The cafe reopened in September 2012 in the old post office, an imposing heritage building across the road with a cavernous interior that can seat 350 people. It was a bold move given that at that time, the CBD was still a ghost town. But it paid off. The cafe became a much-needed meeting place. He was soon serving 1000 customers each day.

I follow Crofskey up a steep spiral staircase to the building's rooftop where he shows me the vines he hopes will produce 55 bottles of pinot noir this year. He's planning to turn the upstairs floors into a six-room boutique hotel. "The shackles are gone," he says. "Now anything can happen here and it is."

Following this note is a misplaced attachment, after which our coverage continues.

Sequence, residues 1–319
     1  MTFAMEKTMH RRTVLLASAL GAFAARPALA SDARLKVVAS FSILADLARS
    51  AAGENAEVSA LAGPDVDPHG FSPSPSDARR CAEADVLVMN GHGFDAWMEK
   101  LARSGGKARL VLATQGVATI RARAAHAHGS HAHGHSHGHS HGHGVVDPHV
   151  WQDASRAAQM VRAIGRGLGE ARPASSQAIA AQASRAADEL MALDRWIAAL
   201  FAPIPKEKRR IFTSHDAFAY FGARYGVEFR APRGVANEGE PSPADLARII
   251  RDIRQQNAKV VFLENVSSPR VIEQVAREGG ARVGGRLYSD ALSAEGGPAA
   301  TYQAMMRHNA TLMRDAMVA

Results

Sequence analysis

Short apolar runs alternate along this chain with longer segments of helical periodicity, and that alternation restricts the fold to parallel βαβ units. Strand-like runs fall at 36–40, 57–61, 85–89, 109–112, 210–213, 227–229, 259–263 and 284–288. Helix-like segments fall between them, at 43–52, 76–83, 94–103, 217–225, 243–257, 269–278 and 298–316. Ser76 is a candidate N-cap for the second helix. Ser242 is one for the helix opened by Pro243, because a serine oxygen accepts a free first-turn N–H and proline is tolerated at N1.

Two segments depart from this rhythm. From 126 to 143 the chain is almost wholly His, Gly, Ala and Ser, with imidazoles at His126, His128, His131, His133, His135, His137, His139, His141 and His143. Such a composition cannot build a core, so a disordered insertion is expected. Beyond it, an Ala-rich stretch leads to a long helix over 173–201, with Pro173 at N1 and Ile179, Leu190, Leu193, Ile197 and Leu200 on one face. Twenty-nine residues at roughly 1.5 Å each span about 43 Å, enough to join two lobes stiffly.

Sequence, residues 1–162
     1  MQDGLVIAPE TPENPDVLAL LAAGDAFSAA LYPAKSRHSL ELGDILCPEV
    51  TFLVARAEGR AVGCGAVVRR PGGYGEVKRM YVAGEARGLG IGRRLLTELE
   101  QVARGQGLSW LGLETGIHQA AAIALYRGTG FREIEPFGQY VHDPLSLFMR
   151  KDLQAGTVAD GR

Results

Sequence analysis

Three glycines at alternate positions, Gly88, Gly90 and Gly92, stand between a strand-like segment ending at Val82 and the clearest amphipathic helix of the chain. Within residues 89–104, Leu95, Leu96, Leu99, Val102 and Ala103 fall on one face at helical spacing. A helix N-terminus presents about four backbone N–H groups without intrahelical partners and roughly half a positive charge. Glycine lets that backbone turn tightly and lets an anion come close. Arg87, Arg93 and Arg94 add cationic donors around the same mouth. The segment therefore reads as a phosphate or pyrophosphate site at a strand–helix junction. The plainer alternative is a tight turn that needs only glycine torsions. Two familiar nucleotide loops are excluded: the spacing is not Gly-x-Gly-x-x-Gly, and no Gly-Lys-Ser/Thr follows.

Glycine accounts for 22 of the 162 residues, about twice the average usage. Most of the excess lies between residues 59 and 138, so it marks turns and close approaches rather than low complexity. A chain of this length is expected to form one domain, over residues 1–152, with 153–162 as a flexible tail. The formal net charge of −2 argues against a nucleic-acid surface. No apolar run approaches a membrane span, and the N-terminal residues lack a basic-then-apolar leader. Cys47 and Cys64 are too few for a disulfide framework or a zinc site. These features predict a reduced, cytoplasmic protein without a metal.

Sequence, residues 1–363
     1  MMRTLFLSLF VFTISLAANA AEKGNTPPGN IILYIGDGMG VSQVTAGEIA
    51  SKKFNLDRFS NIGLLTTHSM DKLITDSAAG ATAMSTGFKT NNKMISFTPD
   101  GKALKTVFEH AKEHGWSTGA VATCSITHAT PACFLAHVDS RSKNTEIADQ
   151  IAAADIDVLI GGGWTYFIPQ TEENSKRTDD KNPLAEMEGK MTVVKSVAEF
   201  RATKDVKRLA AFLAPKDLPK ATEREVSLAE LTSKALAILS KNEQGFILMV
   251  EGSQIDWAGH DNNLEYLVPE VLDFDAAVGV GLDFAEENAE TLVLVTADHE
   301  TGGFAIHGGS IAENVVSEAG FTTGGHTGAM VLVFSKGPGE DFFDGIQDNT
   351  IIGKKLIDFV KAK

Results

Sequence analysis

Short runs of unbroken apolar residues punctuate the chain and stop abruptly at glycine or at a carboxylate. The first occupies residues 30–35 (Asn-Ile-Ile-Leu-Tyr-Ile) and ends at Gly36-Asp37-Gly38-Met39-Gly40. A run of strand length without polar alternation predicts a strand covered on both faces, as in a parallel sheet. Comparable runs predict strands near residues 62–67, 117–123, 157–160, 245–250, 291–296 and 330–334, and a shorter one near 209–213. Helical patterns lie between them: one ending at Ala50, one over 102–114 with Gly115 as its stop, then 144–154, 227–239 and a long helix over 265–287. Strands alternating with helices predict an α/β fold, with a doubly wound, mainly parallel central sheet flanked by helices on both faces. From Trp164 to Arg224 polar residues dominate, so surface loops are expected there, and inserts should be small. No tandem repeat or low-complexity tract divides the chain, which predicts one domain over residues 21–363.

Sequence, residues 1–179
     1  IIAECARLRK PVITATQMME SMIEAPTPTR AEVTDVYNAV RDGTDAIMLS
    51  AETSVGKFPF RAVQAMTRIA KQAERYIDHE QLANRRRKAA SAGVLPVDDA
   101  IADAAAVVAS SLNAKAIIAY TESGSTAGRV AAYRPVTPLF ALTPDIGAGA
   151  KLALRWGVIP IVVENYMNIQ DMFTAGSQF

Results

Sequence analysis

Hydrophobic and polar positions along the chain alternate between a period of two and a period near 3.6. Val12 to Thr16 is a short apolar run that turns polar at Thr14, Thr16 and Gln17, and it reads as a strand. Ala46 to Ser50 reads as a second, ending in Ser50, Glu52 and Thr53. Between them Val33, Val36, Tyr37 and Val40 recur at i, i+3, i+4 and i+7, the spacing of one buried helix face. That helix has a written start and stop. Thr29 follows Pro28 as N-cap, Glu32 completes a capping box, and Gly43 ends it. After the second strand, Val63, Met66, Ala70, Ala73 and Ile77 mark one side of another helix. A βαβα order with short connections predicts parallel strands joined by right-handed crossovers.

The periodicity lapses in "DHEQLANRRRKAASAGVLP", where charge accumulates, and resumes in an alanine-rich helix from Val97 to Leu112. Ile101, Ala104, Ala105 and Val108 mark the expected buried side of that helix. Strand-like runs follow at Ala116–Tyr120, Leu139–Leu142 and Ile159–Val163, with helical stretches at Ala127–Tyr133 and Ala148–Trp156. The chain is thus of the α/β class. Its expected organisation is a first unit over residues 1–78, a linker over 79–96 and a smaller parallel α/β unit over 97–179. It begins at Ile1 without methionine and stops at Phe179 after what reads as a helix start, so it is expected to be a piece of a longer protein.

Walking through Christchurch's abandoned city centre on a Saturday night, it's hard to believe that the earthquakes hit more than three years ago.

Heritage trams. Photo: Rob Mcfarland

Although the CBD is still a confronting mess of rubble, fences and cranes, there is a palpable feeling that a corner has been turned. For the first time, more buildings are going up than are being torn down and desolate blocks are being "greened" with lawns, murals and sculptures.

The quakes claimed 50 per cent of the city's historic buildings but one that survived is the stunning Italianate Palazzo-style Old Government Building on Cathedral Square. For 2½ years it remained cordoned off within the Red Zone, a no-go area in the heart of the city, until access was granted in March last year. Five months later it re-opened as a 42-suite hotel - one more important step on the city's road to recovery.